Starting with MySQL 5.1, it's possible to compress InnoDB tables using ROW_FORMAT=COMPRESSED with CREATE TABLE or ALTER TABLE, see http://dev.mysql.com/doc/refman/5.5/en/innodb-compression.html. I think compression would be valuable for tables such as longdescs or attach_data once bug 577532 is implemented. In MySQL 5.1, the InnoDB plugin is required to enable compression and this plugin is available with the MySQL distribution since version 5.1.38, see http://dev.mysql.com/doc/innodb-plugin/1.0/en/innodb-plugin-installation-overview.html. Since MySQL 5.5, this plugin is no longer necessary as it's built into MySQL itself. In both cases, the current minimum version of 5.0.15 should be bumped, either to 5.1.38 or 5.5.8 (the first stable 5.5.x release). As the InnoDB plugin must still be loaded in MySQL 5.1 by configuring my.cnf, it may be easier and safer to require MySQL 5.5. SQLite also has support for table compression by using FTS4, see http://www.sqlite.org/fts3.html. A nice side-effect of using FTS4 is that we can also use full-text searching. Oracle 10.2 supports table compression too, see http://download.oracle.com/docs/cd/B19306_01/server.102/b14231/tables.htm. MySQL and Oracle recommend to enable compression for tables which are mostly read-only (compared to how often they are written to). This means it may not be appropriate for the longdescs table as users add comments very often. It may still be useful for attach_data as attachments are uploaded much less frequently. Some benchmarking would be necessary to determine if table compression would bring any performance improvement.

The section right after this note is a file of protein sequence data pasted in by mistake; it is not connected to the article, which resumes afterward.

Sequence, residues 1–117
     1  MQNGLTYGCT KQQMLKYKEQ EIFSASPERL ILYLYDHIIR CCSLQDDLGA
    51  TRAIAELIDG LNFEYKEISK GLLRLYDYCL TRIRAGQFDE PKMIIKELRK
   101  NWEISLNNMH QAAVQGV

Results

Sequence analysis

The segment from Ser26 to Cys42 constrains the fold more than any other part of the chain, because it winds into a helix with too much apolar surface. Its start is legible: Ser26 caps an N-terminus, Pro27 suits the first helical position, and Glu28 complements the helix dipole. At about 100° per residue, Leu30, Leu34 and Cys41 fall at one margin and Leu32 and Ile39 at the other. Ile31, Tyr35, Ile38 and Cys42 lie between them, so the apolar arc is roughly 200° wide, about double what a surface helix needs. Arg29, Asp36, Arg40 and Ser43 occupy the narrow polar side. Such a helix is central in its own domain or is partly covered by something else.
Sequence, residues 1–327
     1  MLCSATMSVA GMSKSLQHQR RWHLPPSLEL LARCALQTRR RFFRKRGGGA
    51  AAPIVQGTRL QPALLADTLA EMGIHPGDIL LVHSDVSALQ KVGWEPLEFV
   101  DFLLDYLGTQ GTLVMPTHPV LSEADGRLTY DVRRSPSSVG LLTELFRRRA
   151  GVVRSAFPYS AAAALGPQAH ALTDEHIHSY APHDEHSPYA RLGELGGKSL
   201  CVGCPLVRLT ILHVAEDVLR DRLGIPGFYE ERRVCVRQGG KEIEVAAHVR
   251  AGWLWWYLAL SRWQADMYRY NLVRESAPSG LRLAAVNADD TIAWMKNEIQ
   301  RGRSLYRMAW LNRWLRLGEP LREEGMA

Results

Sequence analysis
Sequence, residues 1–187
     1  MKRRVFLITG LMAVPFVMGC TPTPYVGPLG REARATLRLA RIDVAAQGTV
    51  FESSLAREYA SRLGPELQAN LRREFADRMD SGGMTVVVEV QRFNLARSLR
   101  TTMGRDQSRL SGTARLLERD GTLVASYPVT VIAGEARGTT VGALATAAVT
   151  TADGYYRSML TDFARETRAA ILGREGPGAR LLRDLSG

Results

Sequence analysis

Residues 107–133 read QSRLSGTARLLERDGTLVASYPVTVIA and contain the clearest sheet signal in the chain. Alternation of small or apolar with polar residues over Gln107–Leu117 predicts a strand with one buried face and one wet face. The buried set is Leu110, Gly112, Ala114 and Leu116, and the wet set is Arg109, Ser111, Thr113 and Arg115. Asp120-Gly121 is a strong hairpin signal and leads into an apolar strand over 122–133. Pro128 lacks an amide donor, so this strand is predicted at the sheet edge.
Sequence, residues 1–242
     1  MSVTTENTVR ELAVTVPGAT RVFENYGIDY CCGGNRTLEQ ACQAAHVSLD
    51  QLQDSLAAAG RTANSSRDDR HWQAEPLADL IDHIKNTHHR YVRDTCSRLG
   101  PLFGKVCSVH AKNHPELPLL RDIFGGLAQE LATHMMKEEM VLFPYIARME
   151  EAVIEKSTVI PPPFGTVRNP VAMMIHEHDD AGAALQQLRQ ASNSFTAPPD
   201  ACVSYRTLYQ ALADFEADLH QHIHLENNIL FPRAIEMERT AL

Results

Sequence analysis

Ah yeah, there are also numerous other enhancements that come along with the InnoDB plugin that could be useful for us. However, requiring MySQL 5.5 would probably be a few years off for us, as 5.1 is more or less the present standard, and *very* few people have the InnoDB plugin installed.